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Tinea Versicolor -ˈvər-si-ˌkəl-ər

(Pityriasis Versicolor)

By Denise M Aaron, MD, Dartmouth-Hitchcock Medical Center

Tinea versicolor is a fungal infection of the topmost layer of the skin causing scaly, discolored patches.

  • This infection is caused by yeast.

  • Typically, people have scaly patches of skin.

  • The diagnosis is based on appearance and skin scrapings.

  • Recurrence is common.

  • Antifungal skin products, shampoos, and sometimes drugs taken by mouth are used to treat the infection.

The infection, caused by the yeast Malassezia furfur, is quite common, especially among young adults. Malassezia furfur is typically a harmless yeast that normally lives on the skin but in some people causes tinea versicolor. Most affected people are healthy. Some people may be genetically predisposed to overgrowth of this yeast. Other risk factors for tinea versicolor include heat and humidity and an immune system weakened by corticosteroid use, pregnancy, undernutrition, diabetes, or other disorders.


Tinea versicolor usually does not cause any symptoms but sometimes causes itching. However, it does cause many tan, brown, salmon, or white scaly patches to appear on the trunk, neck, abdomen, and occasionally the face. The patches may join to form larger patches. The patches do not tan, so in summer, when the surrounding skin tans, the patches may become obvious. People with naturally dark skin may notice lighter patches. People with naturally fair skin may get darker or lighter patches. Tinea versicolor is a mild infection and is not considered contagious.


Doctors can often diagnose tinea versicolor by its appearance. Doctors may use an ultraviolet light to show the infection more clearly and usually examine scrapings from the infected area under a microscope to confirm the diagnosis.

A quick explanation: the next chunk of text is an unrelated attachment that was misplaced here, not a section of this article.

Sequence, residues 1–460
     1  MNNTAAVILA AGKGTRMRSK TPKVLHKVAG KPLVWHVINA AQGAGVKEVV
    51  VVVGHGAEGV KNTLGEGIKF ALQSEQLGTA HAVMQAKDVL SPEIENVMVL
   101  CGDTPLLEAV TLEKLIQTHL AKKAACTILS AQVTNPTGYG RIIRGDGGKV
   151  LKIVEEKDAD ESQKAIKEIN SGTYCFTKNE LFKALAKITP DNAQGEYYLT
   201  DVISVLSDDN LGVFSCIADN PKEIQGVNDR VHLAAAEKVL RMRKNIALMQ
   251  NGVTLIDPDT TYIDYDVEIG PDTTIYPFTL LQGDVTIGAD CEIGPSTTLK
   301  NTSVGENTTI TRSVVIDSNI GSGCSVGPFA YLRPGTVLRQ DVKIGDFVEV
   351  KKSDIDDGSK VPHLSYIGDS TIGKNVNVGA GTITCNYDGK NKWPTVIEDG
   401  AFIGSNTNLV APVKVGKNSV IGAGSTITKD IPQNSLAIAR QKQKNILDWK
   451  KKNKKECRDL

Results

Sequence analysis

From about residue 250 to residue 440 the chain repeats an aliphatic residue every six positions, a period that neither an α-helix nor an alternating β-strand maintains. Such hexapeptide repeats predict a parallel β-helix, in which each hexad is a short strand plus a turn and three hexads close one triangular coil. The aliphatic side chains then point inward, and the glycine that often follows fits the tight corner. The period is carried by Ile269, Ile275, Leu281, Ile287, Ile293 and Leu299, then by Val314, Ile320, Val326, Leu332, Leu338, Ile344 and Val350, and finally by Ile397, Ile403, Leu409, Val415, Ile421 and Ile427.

The skin may not regain its normal pigmentation for many months or years after the infection is gone. Tinea versicolor commonly comes back after successful treatment because the yeast that causes it normally lives on the skin.


Antifungal creams applied directly to the affected areas (topical), such as ketoconazole or terbinafine cream, may be used, as well as terbinafine solution spray. Prescription-strength selenium sulfide lotion is effective if applied to the affected areas (including the scalp) for 10 minutes a day for 2 weeks. Prescription ketoconazole shampoo is also effective. It is applied and washed off in 5 minutes. It is used as a single application or daily for 3 days. Other treatments include applying topical ketoconazole daily for 2 weeks and bathing with zinc pyrithione soap or sulfur-salicylic shampoo for 1 to 2 weeks.

Antifungal drugs taken by mouth, such as ketoconazole or fluconazole, are sometimes used to treat a widespread infection (see Table: Overview of Fungal Infections : Treatment). In addition, some people prefer the convenience of a drug taken by mouth. However, because these drugs may cause unwanted side effects and because tinea versicolor is a mild infection, topical drugs are usually preferred. Drugs taken by mouth do not prevent recurrence.

To lower the chance of recurrence, many doctors recommend practicing meticulous hygiene and using zinc pyrithione soap regularly or one of the other topical treatments monthly.

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* This is the Consumer Version. *